irginia's South Richmond civic association on Tuesday endorsed the bid for an Urban One casino. The move comes amid local opposition to The Cordish Companies' proposed Live! casino in a different location.
In a news conference Tuesday in South Richmond, Charles Willis, president of the newly renamed Richmond Highway Neighborhood Civic Association, called on his neighbors and the Richmond community to contact city leaders to support the Urban One project in an industrial area off Commerce Road, as reported by Richmond Times-Dispatch. The civic association represents a few thousand residents and businesses in the corridor from Terminal Avenue to Walmsley Boulevard.
Public opinion and community support are among the criteria Richmond city officials are evaluating as they work to form a recommendation on which casino project should go forward to a citywide referendum this November. Richmond officials say public sentiment alone won’t determine which project they will recommend, but local residents and community leaders who live near the project sites are hoping their public statements and demonstrations will persuade officials to advance or reject one of the development bids.
“We have seen firsthand how this project will make this part of Richmond stronger with good jobs and the kind of economic development we have been waiting for for a long time,” Willis said. “This is how we grow our part of the city and bring tourism and new business opportunities to South Richmond.”
Washington-based media company Urban One is partnering with Peninsula Pacific Entertainment, owner of the Colonial Downs racetrack and Rosie’s Gaming Emporiums, to build a casino resort off Commerce Road on land currently owned by Philip Morris USA. It is competing with The Cordish Companies, a Maryland-based operation that runs several casinos under the Live! brand.
Cordish is seeking to develop a casino resort at the 17-acre Movieland property on Arthur Ashe Boulevard. Nearly a dozen neighborhood groups in the Fan District and North Side are opposing the project, but the Scott’s Addition Boulevard Association board of directors last week decided not to fight against the project in a narrow 10-9 vote.
Area residents say they hope to keep the pressure on the developer after the city recently struck down another project in Stratford Hills that failed to win support from the surrounding community. More than 50 people on Monday protested near the Boulevard site holding up colorful “No Casino” signs and rattling cowbells and other noisemakers during the evening rush hour.
Trevor Dickerson, president of the Scott’s Addition Boulevard Association, said the board’s vote is not an endorsement of the project, but takes a “defensive position” of non-opposition. He said the association still has many concerns about the project, such as traffic congestion and the competition it will create for local businesses in the area. But association leaders felt it would be better to work with the developer to leverage more support for the growing entertainment district in case the city selects the project for a public referendum in November.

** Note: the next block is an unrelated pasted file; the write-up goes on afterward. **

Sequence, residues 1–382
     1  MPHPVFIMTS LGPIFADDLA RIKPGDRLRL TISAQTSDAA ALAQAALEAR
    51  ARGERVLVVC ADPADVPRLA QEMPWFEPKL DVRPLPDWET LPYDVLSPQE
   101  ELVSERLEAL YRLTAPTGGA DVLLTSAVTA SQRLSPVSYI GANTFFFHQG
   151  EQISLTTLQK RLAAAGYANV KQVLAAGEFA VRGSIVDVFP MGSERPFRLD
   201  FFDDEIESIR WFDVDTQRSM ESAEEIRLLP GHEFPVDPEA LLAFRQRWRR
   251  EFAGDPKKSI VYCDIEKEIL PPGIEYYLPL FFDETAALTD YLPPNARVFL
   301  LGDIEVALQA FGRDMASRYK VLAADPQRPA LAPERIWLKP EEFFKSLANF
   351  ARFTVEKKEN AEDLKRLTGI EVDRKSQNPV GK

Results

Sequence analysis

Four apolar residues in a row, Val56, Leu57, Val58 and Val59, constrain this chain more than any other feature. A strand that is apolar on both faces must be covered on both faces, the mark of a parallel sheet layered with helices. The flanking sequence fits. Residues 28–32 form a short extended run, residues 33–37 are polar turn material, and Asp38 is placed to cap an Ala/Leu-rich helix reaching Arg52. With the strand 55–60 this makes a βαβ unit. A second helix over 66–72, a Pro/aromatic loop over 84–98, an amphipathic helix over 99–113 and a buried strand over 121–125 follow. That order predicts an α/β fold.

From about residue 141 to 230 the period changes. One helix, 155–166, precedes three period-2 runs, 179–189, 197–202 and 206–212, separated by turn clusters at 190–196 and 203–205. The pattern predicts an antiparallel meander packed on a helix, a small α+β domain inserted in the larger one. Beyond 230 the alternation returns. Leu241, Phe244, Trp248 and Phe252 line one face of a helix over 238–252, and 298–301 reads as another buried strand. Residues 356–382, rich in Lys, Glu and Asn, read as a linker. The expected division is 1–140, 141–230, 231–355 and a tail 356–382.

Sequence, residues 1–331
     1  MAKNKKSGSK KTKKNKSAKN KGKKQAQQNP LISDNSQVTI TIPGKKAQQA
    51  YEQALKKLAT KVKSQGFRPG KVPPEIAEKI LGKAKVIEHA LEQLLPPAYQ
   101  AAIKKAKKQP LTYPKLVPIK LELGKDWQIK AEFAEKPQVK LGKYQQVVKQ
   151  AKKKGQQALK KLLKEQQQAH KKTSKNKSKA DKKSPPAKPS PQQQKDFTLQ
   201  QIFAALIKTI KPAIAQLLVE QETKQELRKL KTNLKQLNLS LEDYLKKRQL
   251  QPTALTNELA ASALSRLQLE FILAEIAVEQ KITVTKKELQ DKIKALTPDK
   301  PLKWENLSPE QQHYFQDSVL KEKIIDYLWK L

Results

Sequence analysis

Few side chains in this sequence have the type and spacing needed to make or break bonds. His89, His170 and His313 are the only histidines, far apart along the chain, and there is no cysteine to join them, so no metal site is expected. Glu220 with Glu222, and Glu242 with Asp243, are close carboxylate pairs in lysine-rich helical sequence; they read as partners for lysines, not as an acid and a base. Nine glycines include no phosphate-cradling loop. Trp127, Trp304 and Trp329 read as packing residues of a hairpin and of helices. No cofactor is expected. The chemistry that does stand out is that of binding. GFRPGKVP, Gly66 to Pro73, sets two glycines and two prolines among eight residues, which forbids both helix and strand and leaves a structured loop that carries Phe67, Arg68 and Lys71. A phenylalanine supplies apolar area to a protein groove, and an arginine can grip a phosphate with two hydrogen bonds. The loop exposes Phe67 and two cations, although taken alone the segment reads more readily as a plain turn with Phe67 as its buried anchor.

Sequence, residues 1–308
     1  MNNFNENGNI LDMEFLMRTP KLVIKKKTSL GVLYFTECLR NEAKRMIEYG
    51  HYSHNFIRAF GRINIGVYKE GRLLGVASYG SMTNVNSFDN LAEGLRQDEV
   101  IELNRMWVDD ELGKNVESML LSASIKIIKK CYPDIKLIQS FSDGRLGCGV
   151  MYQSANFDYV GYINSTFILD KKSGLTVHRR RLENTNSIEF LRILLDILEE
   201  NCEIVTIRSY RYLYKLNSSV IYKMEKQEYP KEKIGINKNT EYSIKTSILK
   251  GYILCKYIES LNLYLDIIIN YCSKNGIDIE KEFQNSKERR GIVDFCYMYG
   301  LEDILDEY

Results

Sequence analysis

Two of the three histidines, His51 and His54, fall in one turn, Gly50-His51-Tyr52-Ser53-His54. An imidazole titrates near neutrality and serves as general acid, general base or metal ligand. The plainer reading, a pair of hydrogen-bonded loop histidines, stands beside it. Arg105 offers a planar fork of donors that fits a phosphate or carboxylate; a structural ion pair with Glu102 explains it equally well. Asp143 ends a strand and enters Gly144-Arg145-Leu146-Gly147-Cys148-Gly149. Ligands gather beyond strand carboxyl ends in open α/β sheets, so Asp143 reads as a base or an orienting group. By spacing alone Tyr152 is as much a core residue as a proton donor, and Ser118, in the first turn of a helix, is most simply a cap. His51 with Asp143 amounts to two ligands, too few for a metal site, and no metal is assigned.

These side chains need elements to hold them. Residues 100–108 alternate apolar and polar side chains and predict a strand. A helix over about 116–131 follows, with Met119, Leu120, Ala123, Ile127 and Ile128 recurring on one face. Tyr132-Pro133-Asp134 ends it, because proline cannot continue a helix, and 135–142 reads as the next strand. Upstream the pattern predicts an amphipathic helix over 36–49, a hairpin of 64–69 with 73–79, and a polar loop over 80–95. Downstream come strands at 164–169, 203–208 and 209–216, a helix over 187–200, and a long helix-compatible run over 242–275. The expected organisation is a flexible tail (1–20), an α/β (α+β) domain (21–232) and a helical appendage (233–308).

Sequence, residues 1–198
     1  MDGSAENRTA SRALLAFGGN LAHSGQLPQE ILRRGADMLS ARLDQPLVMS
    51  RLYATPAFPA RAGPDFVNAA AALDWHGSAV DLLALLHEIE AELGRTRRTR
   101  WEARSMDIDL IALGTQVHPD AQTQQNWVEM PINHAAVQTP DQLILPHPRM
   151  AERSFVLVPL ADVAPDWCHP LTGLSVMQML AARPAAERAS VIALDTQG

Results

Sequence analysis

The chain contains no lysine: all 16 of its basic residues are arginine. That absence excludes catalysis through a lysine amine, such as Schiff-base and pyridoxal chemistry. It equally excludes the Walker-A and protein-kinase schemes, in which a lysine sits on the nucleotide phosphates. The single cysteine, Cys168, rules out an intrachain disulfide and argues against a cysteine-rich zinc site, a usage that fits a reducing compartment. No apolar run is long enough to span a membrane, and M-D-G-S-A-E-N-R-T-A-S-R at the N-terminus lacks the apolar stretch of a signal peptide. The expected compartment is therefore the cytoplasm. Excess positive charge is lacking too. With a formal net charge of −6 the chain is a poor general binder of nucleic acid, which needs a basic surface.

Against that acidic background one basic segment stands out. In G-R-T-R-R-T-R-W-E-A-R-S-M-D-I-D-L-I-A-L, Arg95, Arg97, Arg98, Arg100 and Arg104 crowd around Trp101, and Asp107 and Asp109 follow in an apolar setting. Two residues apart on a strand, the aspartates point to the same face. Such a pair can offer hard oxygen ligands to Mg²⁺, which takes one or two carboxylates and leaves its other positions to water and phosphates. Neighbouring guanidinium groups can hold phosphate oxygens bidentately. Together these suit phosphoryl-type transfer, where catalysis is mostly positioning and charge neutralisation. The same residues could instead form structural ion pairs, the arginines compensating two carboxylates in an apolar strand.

Dickerson said the company has committed to several requests from the association, including support for the development of a multi-use trail and a $100,000 annual payment to help pay for streetlights, trees and other improvements in the Scott’s Addition area. Dickerson said he thinks the Cordish project will likely see the most opposition in the next few weeks as a city evaluation panel is expected to recommend a project and site as one decision next month.
Cari Furman, a Cordish spokesperson, said the company is still working with local residents and businesses on refining the project to make it the most desirable. “We mean what we say when we talk about serving as a true partner to the community,” Furman said. “Our project is the one that brings the highest economic value and community benefits to the City and local residents, and for that reason, we expect that it will ultimately get the greatest support.”
Jonathan Marcus, chairman of RVA Coalition of Civic Associations, said 11 neighborhood groups, including the Fan District Association, Fan Area Business Association, Ginter Park Resident Association and Sherwood Park Civic Association, have issued statements against the Cordish project as of Tuesday afternoon. Marcus said the idea of a casino is “antithetical” to the small business culture that helped transform industrial Scott’s Addition to a popular entertainment district with its breweries, restaurants and recreation venues.
Richmond City Council will vote in June whether the city will hold a public referendum on a preferred casino operator and project site this November.
Prior to Monday’s protest on the Boulevard, residents in the Stratford Hills area held similar demonstrations for several weeks against the proposed Bally’s casino resort in the northeast quadrant of the Chippenham and Powhite parkways. City officials last week announced that it was eliminating the proposal from the evaluation process, citing concerns raised by community members and the approvals the project might need from state and federal agencies based for its project site.
Under a new state law allowing casino gambling in five cities, Richmond originally received six casino development proposals earlier this year after requesting project bids in December. State lawmakers in 2019 and 2020 passed legislation allowing Richmond, Bristol, Norfolk, Portsmouth and Danville to permit one casino operator in their respective jurisdictions if approved by the Virginia Lottery Board and a majority of local voters.
Residents in the other four cities last year overwhelmingly approved plans for a casino in their communities. Danville was the only locality to open the process to a competitive bid.